|Title||Mars Exploration Rover Geologic traverse by the Spirit rover in the Plains of Gusev Crater, Mars|
|Publication Type||Journal Article|
|Year of Publication||2005|
|Authors||Crumpler L, Squyres SW, Arvidson RE, Bell, III JF, Blaney D, Cabrol NA, Christensen PR, DesMarais DJ, Farmer JD, Fergason R, Golombek MP, Grant FD, Grant JA, Greeley R, Hahn B, Herkenhoff KE, Hurowitz JA, Knudson AT, Landis GA, Li R, Maki JN, McSween HY, Ming DW, Moersch JE, Payne MC, Rice JR, Richter L, Ruff SW, Sims M, Thompson SD, Tosca NJ, Wang A, Whelley PL, Wright SP, Wyatt MB|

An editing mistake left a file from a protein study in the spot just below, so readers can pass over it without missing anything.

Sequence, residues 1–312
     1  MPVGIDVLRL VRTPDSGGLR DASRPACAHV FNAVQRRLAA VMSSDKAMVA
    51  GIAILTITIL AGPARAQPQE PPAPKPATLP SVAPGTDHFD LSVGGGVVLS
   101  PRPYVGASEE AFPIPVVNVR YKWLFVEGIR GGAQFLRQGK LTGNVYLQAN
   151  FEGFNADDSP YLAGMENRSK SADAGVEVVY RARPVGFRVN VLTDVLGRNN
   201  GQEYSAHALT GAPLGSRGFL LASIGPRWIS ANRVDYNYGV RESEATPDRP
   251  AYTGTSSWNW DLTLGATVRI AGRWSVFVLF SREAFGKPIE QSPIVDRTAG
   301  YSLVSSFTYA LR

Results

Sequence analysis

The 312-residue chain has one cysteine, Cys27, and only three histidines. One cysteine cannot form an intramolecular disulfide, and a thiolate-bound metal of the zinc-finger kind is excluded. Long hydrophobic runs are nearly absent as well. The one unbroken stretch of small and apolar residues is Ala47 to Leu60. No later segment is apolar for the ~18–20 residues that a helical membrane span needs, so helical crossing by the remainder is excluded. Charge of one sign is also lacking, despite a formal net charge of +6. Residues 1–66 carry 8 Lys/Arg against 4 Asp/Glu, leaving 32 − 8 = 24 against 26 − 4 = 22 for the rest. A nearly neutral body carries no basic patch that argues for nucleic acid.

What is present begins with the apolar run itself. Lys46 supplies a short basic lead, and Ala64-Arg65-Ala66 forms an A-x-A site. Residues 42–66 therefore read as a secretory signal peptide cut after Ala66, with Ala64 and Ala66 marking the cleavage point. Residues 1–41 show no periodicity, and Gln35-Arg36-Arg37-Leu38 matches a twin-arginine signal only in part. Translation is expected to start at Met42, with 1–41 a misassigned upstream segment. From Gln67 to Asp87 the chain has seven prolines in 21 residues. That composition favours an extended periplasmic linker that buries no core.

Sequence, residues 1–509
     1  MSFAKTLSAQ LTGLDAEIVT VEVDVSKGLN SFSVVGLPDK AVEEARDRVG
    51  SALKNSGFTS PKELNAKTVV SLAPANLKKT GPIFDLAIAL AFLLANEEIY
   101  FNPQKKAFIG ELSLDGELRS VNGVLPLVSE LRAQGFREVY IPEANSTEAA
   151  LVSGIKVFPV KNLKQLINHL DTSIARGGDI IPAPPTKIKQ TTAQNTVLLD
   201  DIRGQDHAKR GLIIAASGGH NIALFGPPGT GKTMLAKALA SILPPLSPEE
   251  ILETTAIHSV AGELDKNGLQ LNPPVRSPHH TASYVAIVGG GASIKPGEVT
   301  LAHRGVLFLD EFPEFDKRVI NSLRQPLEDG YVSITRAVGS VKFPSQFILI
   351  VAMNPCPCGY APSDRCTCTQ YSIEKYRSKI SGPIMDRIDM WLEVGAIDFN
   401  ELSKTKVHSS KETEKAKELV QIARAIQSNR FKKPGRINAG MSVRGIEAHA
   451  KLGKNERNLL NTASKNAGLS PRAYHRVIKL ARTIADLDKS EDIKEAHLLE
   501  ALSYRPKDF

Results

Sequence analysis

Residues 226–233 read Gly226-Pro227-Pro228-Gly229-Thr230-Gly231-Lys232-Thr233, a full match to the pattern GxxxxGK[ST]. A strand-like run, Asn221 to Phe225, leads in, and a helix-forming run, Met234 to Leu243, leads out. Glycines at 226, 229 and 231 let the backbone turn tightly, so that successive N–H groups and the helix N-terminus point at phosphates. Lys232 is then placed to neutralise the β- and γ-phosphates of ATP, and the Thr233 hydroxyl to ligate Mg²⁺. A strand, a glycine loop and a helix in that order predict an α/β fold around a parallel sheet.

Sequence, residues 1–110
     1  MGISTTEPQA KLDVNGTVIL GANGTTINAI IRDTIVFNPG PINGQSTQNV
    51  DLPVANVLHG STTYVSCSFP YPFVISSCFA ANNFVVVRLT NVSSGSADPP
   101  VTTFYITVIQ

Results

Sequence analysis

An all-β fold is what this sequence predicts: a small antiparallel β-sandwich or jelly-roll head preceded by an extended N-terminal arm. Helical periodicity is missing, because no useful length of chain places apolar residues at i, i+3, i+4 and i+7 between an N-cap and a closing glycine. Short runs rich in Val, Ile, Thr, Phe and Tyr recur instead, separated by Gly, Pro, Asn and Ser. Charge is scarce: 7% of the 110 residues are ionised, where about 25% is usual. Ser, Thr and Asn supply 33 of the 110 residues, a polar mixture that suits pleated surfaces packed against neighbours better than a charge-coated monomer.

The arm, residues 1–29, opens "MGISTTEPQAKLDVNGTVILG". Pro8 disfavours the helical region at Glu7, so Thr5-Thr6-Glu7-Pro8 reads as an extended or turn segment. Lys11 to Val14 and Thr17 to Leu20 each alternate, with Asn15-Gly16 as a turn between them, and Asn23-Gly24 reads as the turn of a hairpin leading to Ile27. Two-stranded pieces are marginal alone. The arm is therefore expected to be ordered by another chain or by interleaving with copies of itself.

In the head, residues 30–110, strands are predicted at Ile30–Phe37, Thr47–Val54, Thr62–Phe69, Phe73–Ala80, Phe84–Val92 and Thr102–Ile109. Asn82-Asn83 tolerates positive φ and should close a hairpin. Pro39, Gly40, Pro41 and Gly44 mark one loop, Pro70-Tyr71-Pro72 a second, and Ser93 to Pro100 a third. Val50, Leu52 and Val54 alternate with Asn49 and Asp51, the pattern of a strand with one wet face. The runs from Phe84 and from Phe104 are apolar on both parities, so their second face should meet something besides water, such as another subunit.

The Spirit rover completed a 2.5 km traverse across gently sloping plains on the floor of Gusev crater from its location on the outer rim of Bonneville crater to the lower slopes of the Columbia Hills, Mars. Using the Athena suite of instruments in a transect approach, a systematic series of overlapping panoramic mosaics, remote sensing observations, surface analyses, and trenching operations documented the lateral variations in landforms, geologic materials, and chemistry of the surface throughout the traverse, demonstrating the ability to apply the techniques of field geology by remote rover operations. Textures and shapes of rocks within the plains are consistent with derivation from impact excavation and mixing of the upper few meters of basaltic lavas. The contact between surrounding plains and crater ejecta is generally abrupt and marked by increases in clast abundance and decimeter-scale steps in relief. Basaltic materials of the plains overlie less indurated and more altered rock types at a time-stratigraphic contact between the plains and Columbia Hills that occurs over a distance of one to two meters. This implies that regional geologic contacts are well preserved and that Earth-like field geologic mapping will be possible on Mars despite eons of overturn by small impacts.